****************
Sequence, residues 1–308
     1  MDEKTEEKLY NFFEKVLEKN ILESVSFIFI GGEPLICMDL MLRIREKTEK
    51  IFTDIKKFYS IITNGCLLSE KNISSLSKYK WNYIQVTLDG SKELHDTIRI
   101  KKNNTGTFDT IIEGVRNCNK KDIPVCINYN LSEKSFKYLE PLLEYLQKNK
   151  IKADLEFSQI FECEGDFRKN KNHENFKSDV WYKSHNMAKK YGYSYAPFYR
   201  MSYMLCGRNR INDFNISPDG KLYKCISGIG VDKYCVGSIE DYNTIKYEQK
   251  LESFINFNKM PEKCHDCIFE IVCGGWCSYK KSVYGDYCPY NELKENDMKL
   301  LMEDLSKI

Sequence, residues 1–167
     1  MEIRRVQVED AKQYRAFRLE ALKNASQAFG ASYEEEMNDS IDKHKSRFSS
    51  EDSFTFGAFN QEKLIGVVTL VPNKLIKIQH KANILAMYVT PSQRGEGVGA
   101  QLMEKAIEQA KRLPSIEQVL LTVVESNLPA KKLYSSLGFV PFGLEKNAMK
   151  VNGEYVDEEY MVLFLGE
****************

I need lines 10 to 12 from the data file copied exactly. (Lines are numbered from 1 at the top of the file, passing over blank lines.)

     1  MEIRRVQVED AKQYRAFRLE ALKNASQAFG ASYEEEMNDS IDKHKSRFSS
    51  EDSFTFGAFN QEKLIGVVTL VPNKLIKIQH KANILAMYVT PSQRGEGVGA
   101  QLMEKAIEQA KRLPSIEQVL LTVVESNLPA KKLYSSLGFV PFGLEKNAMK